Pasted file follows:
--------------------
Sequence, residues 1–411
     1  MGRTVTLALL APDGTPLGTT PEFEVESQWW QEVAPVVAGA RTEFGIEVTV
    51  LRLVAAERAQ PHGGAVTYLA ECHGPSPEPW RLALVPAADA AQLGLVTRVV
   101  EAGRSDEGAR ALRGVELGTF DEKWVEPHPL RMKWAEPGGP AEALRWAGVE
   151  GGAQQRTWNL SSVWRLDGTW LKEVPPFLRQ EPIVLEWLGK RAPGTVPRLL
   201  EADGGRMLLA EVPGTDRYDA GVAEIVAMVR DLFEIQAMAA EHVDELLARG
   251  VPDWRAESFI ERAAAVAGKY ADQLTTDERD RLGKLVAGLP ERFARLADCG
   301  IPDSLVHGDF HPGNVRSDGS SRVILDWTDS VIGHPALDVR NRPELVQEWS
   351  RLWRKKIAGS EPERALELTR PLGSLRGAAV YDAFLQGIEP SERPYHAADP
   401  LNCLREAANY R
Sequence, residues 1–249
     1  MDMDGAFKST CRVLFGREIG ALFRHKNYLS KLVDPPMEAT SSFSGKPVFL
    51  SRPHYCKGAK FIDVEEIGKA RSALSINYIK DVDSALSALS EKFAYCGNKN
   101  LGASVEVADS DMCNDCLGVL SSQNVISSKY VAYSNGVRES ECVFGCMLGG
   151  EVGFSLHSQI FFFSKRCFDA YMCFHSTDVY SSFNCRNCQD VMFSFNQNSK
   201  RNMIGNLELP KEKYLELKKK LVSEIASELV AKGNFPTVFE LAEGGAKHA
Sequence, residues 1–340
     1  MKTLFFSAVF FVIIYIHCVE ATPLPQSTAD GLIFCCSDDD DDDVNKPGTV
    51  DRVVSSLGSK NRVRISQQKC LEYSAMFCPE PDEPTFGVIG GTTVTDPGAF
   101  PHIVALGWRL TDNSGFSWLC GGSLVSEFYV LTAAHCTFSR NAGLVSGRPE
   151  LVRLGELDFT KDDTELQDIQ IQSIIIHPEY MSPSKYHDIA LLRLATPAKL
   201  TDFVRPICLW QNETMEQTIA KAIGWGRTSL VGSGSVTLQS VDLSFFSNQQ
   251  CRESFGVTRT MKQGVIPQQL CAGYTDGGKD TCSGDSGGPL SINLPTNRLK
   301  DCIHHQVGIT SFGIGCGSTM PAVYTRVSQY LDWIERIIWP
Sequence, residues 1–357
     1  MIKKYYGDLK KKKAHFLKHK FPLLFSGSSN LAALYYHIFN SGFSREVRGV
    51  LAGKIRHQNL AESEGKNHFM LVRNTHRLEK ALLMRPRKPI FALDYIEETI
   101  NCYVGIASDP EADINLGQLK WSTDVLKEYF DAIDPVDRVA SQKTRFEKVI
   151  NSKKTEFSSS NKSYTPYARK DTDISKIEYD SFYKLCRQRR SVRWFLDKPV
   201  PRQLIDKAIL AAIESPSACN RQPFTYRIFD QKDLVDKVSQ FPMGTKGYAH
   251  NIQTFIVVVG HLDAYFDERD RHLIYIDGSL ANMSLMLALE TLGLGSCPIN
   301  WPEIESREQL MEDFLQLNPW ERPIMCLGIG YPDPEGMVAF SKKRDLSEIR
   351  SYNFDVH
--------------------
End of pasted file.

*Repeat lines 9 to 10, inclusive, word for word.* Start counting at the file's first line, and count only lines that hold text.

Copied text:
   351  RLWRKKIAGS EPERALELTR PLGSLRGAAV YDAFLQGIEP SERPYHAADP
   401  LNCLREAANY R